The bad news: now is not a good time to change your job. The good news: now is a good time to change your job. If you’re not happy where you’re currently working, explore what else is out there — even if the job market is slowing down. That secure income you have right now might not be so secure in six months time… Be proactive with what you do for a living and consider how you can monetise the skills you already have. Life is meant to be lived and staying in a job that drains your soul is not beneficial to anyone. This doesn’t mean leaving your job with nothing else to go to mind.

6. Personal growth

Speaking of skills, being a learner for life and expanding on or improving your skillset is part of a good life — and essential to being resilient. Do you know how to sew a button or mend a hole in your sweater? Do you know how to make a meal from scratch without following a recipe? How about basic home repairs? Fast fashion, take out or ready-made meals, and repair services have become the go-to for many of us for as long as we can remember. We are heading to a world where products and services won’t be so abundantly available, so adding a few new essential life skills to your repertoire would not go amiss.

I mentioned resilience. For many of us, life has been pretty ok these past decades, but the signs are that this is about to change (I’ve mentioned several in this piece). How do you fare during hard times? In fact, have you ever experienced hard times, like truly? Not being able to go on an overseas holiday because of a global health emergency is not it. Counting the pounds to be able to heat your house is. Resilience is how you withstand and recover from challenging situations by being aware of your situation and finding new ways to tackle whatever comes your way. Practising your resilience is a way of taking control of your life.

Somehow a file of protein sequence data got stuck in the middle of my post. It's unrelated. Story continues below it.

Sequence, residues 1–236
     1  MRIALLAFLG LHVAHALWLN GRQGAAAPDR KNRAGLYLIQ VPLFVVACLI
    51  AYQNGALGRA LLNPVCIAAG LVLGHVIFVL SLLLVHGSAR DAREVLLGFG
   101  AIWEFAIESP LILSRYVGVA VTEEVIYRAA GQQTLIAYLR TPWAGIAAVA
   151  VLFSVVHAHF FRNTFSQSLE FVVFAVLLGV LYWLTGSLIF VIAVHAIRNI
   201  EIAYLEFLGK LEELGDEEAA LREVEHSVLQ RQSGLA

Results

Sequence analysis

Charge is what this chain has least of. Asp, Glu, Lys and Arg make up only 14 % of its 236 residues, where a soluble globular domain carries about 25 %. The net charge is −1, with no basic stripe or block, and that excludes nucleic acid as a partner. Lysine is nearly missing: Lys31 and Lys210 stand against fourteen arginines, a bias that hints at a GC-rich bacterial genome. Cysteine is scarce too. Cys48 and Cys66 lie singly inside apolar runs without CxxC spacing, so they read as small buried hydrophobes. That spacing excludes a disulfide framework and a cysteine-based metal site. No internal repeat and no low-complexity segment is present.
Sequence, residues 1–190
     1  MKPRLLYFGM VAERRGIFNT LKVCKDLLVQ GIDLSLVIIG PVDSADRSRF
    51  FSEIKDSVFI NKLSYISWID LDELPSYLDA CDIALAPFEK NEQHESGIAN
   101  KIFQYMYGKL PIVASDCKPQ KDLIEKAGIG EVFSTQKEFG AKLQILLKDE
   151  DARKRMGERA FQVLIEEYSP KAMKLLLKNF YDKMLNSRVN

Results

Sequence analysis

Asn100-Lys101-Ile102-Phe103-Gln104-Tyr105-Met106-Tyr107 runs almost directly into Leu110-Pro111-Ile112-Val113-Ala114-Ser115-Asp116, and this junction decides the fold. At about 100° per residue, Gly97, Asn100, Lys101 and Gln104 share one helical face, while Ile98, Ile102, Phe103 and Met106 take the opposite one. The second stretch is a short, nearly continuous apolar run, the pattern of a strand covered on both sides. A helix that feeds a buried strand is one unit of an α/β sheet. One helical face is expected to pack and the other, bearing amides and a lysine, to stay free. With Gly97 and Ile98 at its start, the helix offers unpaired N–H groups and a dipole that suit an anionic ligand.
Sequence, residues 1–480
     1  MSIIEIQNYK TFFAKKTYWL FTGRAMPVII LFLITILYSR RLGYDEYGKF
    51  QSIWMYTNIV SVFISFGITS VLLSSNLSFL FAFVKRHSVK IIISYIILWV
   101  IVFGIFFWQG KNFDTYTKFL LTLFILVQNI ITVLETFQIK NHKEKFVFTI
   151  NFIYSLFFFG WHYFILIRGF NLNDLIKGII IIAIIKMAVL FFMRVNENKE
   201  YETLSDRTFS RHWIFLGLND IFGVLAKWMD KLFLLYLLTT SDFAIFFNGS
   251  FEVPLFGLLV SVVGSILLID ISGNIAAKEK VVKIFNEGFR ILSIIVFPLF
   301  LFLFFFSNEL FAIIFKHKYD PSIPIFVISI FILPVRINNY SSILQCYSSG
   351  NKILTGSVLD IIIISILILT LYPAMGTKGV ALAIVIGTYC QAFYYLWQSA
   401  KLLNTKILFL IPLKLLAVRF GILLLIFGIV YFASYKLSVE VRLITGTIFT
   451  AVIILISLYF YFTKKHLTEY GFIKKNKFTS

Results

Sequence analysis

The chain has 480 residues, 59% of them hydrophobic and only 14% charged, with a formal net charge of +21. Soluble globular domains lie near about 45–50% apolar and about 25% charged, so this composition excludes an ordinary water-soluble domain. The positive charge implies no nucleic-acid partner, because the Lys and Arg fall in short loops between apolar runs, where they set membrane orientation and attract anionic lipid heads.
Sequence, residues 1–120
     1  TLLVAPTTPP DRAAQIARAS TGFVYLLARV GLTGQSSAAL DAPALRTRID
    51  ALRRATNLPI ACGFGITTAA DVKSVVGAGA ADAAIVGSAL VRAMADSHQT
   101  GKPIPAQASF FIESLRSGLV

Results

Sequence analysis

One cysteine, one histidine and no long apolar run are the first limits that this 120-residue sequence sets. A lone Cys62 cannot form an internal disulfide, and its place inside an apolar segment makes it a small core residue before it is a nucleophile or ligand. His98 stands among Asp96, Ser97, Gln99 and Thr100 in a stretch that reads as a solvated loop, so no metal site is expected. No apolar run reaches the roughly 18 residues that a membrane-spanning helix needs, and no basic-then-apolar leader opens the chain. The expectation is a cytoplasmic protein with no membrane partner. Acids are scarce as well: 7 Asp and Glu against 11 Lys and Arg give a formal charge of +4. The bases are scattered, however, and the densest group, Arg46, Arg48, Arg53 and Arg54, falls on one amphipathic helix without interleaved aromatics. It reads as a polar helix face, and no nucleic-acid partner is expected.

7. Community

Find or create a community of likeminded people. Tough times can be easier if you have people you enjoy talking to or spending time with around you. Now this doesn’t have to be your immediate family or neighbours. What makes you feel alive? Find people who share interests, be it dog walking, foraging or crypto. Having quality conversations, learning from each other and sharing experiences go a long way to brighten up the dark days.

There you have it, seven areas of life to focus on. Is there one that stands out to you?

I’ll be using this list as a guide for my own life as I face the coming winter alongside my wolfpack.

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elisa eire

elisa eire

mother of dogs. life coach. small space living. big city working (from home).